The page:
By Sandra Feinsmith
Social media can offer cost-effective platforms through which nonprofit organizations can better communicate with stakeholders and raise awareness of their causes and fundraising efforts. Following major online giving success stories such as #GivingTuesday, more nonprofits are actively participating on social media channels to get in front of potential donors: U.S. nonprofits saw 37 percent growth in followers on Facebook in 2013, and 46 percent annual growth in Twitter followers, according to the 2014 eNonprofits Benchmark Study by M+R.
While nonprofit organizations are increasing their use of social media, the IRS has so far provided very little guidance to organizations regarding both the use of social media and its potential tax implications. The official IRS stance is to treat online communications—including email, blogs, Facebook, Twitter and the like—the same as printed media.
The sole, distinguishing snippet of IRS guidance regarding social media is contained in IRC Regulations 1.513-4(f), which describes what qualifies as a Qualified Sponsorship Payment versus Advertising in online activities. To illustrate this, let’s consider a scenario in which a symphony orchestra maintains a website containing pertinent information about the organization and its performance schedule. A business (“Music Shop”) makes a payment to the orchestra to fund a concert series, and in return, the organization adds the business to the list of sponsors it features on its website. It does not promote Music Shop or advertise its merchandise, but the orchestra’s website does provide a hyperlink to Music Shop’s website. The orchestra’s posting of Music Shop’s name and internet address on its website constitutes acknowledgement of the sponsorship. The entire payment is a qualified sponsorship payment, which is not considered income from an unrelated trade or business.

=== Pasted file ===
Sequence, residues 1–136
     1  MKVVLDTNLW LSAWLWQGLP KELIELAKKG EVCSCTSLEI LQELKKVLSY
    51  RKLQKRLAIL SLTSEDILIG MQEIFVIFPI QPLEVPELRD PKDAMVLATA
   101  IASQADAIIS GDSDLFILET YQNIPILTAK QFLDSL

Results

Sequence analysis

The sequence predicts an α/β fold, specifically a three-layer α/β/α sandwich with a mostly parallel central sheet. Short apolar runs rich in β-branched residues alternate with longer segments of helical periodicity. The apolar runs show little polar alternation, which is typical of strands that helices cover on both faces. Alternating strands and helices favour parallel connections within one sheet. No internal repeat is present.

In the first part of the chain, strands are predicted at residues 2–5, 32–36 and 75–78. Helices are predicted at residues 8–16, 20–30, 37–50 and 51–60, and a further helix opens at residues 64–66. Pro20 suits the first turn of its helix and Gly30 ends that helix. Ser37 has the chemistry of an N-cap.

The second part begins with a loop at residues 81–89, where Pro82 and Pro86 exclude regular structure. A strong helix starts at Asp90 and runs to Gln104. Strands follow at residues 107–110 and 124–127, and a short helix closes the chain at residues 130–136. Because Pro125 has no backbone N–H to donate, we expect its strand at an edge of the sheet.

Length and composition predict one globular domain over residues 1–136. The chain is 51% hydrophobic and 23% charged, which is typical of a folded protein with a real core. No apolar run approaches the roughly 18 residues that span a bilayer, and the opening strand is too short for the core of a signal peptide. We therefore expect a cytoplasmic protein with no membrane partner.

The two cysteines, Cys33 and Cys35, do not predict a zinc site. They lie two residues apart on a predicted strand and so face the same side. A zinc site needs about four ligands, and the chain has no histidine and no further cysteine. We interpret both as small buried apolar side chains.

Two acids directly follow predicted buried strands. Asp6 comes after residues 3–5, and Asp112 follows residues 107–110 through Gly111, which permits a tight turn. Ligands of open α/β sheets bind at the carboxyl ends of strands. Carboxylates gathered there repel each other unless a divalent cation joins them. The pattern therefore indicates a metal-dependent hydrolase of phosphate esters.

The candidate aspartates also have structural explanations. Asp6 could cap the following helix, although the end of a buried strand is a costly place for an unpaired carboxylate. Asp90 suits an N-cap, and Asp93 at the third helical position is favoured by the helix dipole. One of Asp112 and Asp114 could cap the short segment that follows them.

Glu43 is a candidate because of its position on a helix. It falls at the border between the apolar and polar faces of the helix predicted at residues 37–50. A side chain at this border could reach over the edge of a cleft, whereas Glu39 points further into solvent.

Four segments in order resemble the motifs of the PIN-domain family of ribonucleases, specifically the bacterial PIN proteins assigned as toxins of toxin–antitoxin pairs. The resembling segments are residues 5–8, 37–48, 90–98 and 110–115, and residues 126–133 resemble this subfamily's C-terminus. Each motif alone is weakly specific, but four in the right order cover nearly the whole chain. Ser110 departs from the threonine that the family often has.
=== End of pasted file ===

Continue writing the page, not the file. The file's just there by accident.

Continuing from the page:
Now, consider how the following scenario differs:
A nonprofit organization tweets that one of its corporate sponsors is running a special on computers and receives a commission based on the number of tweeters who access the sponsor’s site. As such, under current IRS rules and regulations, the tweet may impact the overall Corporate Sponsorship agreement, the commission would constitute unrelated business income and the tweet would be considered Advertising.
We fully anticipate that, in the near future, the IRS will release more thorough guidance measures for tax-exempt organizations surrounding their social media use. And though this guidance does not yet exist, nonprofits cannot overlook the potential tax liabilities associated with social and digital media use. IRS agents have been trained to look at and request screenshots of an organization’s website and other forms of online communications. Essentially, online platforms provide open access to your organization’s information, offering an audit trail for the IRS and states regarding:
- Political and lobbying activities;
- Consistency of your organization’s online and social media activities with its exempt purpose;
- Potential sources of unrelated business income—such as advertising—versus Qualified Sponsorship Income; and
- Charitable solicitation (which is also of interest to state charity regulators).
A lot of damage can be done in 140 characters. In order to make sure your organization is protected, you must take care to accurately report all online activity. To help organize and implement this process, your organization should develop and enforce social medial policies for the organization as a whole, as well as its individual employees and volunteers. As with normal offline activities, consult your tax advisor and legal counsel to make sure the organization’s online and social media activities are structured correctly. This will go a long way in minimizing exposure to regulatory scrutiny, and it will help protect your organization’s reputation.
This article originally appeared in BDO USA, LLP’s “Nonprofit Standard” blog (July 21 2014). Copyright 2014 BDO USA, LLP. All rights reserved.